In a global sense, everyone knows that texting and driving is dangerous. The same way people know fries will clog your arteries and sugar will increase your insulin and make you gain weight. Yet the fast food industry and sugary-food makers are making millions of dollars a year. What gives?
Knowing something is true should affect the way people behave, but often it doesn’t. People think that rules don’t apply to them, that they know better than others how to manage how much they eat or how many seconds they look away from the road.
In fact, a study published earlier this year found that despite the fact that drivers who are looking at their phones are six times more likely to crash, more and more drivers don’t think its dangerous. The study surveyed close to 450 drivers, 68% of whom reported that they would need convincing to be sure that texting and driving really is unsafe.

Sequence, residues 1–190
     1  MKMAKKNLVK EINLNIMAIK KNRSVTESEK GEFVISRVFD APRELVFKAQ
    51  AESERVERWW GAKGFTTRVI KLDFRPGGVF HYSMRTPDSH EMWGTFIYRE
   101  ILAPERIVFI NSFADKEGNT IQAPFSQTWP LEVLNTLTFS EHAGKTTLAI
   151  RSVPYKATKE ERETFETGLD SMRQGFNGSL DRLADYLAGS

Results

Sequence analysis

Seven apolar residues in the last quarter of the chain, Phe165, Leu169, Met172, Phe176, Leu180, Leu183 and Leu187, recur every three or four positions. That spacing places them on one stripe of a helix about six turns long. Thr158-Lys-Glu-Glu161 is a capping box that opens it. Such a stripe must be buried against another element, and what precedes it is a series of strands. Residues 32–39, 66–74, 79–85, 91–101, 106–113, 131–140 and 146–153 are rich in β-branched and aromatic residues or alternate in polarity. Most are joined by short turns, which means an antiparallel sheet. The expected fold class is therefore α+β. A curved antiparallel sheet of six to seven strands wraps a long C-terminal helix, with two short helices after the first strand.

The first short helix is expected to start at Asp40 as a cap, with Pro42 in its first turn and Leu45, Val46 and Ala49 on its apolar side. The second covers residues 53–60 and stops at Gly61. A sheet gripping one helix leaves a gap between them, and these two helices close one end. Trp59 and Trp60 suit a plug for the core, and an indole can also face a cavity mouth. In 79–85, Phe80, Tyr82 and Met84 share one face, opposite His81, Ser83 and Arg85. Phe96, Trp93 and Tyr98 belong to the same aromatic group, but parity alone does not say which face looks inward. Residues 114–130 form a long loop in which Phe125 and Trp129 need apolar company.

Another study from Ohio State University found that when people try doing two visual tasks at the same time- just as texting/scrolling and driving, their performance in both is significantly diminished. However, the research shows, drivers are generally overconfident in their ability to combine two visual tasks. In other words, drivers can’t adequately focus on the road while their eyes are on their phones- but they think they can.
The National Safety Council (NSC) reports that around 1.6 million crashes a year are caused by cell phone usage. Research from King’s College in PA revealed that 80% of college students text and drive. Cell phone use causes over 3,000 deaths and 330,000 injuries annually.
What will it take to stop this dangerous killer?
Penn University and Children’s Hospital of PA recently received a major grant to research and create projects to decrease driving and cell phone use.
Ultimately, the choice to text and potentially hurt, kill, or maim is in the hands of the driver. It’s our job to figure out how to convince them that they don’t know better. That fries will clog their arteries as much as their neighbors and that they aren’t any safer using their phones than the guy in the news who’s serving 20 years for manslaughter.